Post written by: Erin Walcon
So we continue to jam. Twice a week – outside. In small groups, socially distanced. These ‘Cabbage Jams‘ have proven far more productive than I could have originally imagined.
I think we are bemusing the sun-seeking beach-goers down on Goodrington Green. They don’t quite know what to make of us. We must seem really really odd – parading around chanting ‘Whose Future, Our Future!’ and throwing cabbages at each other in repeated loops. And the accordian draws quite a few looks. Mostly kind ones.
A number of people have stopped to ask what we are doing.
We explain that we are making a show during lockdown. About protest. And that we have started doing these small group sessions to develop a street-based performance for August, ahead of the final show in November.
We’ve managed to obliterate a couple of cabbages.
We’ve worked on harmonies and developed choreography.
We’ve gotten sunburned and rained on, and we’ve had a number of visits from friendly dogs and toddlers.
It’s been really really fun.
And I’ve been struck by how important it is to be seeing each other live – like, real actual humans…together.
In this current climate, fear and anxiety seem to be our constant companions – the rules are changing rapidly (both metaphorically and literally), and I often feel like the sand is shifting under my feet. It can be hard to know what is okay and what isn’t…. face masks in shops? What is safe and what isn’t? How do I try to be a good person right now?
In the midst of many change and strange and new circumstances, I think we have to try and listen to our heart, to the deep soul-centre place that tells us what we need in order to ride the wave through the crisis, through the challenge, through the storm.
DYT have been doing weekly or bi-weekly or even tri-weekly Zoom sessions since March. Diligently, committedly. They have been wonderfully engaged online. We’ve filled a Google Drive with creative scripts, song, lyric, heritage research content. There has been a rich and layered experience developing this piece over digital exchange and I have learned a lot from it. New skills. Good.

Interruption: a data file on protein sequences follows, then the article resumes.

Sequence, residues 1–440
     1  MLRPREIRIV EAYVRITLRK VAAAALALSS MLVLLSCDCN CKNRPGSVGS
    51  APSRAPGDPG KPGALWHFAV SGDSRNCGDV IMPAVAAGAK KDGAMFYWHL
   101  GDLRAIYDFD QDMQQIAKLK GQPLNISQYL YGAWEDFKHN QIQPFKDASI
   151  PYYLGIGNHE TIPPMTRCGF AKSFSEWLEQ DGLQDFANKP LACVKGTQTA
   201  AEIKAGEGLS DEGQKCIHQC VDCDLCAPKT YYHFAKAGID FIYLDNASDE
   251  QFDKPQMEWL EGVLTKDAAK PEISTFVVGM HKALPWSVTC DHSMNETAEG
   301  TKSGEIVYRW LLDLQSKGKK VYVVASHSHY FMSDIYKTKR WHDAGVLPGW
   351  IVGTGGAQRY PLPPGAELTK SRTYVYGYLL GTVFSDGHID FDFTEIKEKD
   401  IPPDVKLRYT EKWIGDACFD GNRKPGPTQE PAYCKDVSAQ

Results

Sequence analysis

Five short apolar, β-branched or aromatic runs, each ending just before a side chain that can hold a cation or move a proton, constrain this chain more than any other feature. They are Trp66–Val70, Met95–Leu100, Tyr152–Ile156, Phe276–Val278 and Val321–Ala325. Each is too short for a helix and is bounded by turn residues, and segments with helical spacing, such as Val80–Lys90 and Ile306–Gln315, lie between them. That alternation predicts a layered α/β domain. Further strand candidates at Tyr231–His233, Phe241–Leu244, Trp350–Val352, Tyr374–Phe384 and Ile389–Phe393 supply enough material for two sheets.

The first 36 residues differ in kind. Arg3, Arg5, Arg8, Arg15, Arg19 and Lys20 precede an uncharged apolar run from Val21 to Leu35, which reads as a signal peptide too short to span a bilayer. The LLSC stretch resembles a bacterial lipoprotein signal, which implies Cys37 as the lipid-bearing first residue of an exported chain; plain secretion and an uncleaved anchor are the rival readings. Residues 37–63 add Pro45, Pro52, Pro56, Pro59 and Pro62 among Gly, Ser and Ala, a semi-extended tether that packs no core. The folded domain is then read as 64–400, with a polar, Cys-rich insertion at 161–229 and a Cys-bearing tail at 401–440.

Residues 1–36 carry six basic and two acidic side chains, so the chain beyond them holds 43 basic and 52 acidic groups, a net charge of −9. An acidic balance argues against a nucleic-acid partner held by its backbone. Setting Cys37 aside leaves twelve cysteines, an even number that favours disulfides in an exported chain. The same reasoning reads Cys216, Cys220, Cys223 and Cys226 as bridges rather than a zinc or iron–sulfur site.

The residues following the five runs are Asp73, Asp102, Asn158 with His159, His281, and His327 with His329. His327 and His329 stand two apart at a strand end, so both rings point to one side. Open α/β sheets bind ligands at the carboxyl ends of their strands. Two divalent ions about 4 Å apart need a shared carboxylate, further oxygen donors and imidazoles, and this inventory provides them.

Laughing in person.
Trying choreography together and making mistakes and teasing each other about it.
Trying the ukulele and the accordian together with the guitar and it sounding incredible.
Finding a new chant that can layer over the bass part and it suddenly magically working and everyone knows it at once. Just like -that.
Joking about the fact that I don’t believe in breaks and am uber-tasky.
I am grateful for the new digital skills. I will put them in pocket and walk forward into whatever this next year brings, happy to have new tools. I am glad to be learning new things, and I am also proud of the young people who have worked so flexibly and adaptively.
But the liveness though.
It is transformative.
Whatever legacies Covid and lockdown have for us, I know this – I am reminded that nothing – NOTHING – can replace the moment where I walk up to another human, in person, and say ‘how are you?’. We are all a little rusty and awkward with our social skills, but we are all so hungry for it too.
Someone said to me yesterday, ‘humans need humans’. That we do.
Yes the rules are changing and things are weird and we are all a little unsure how we ‘do this right’. Whatever this is… this life on this planet right now. I guess the fact that this HLF-funded project is a heritage project has made me think a lot about cycles of history. About humans. Where we’ve been and where we are going.
We are awake and alive in an extraordinary moment of humanity. What a privilege.
The liveness matters.
So we’ll do this imperfectly. We’ll fumble and bumble and be a bit socially awkward and rusty, and try to figure out how we navigate socially distanced rehearsals because we need each other. Humans need humans. This show needs liveness. We all need to be asked ‘how are you?’ and given a real listen on the other side to give a real answer. This is deep within us. As we sit in our socially distanced circles in the bandstand at Goodrington, I’m reminded of ancient civilizations sat around campfires. There is an amp in the middle instead of a fire, but you know… the deep feeling in the soul is the same.
Wherever we’re going to, I want to go with this in my heart. That being sat in a circle in a small group, live, is integral to what it is to be human.
What a lucky moment to be alive. Let’s hold the flame.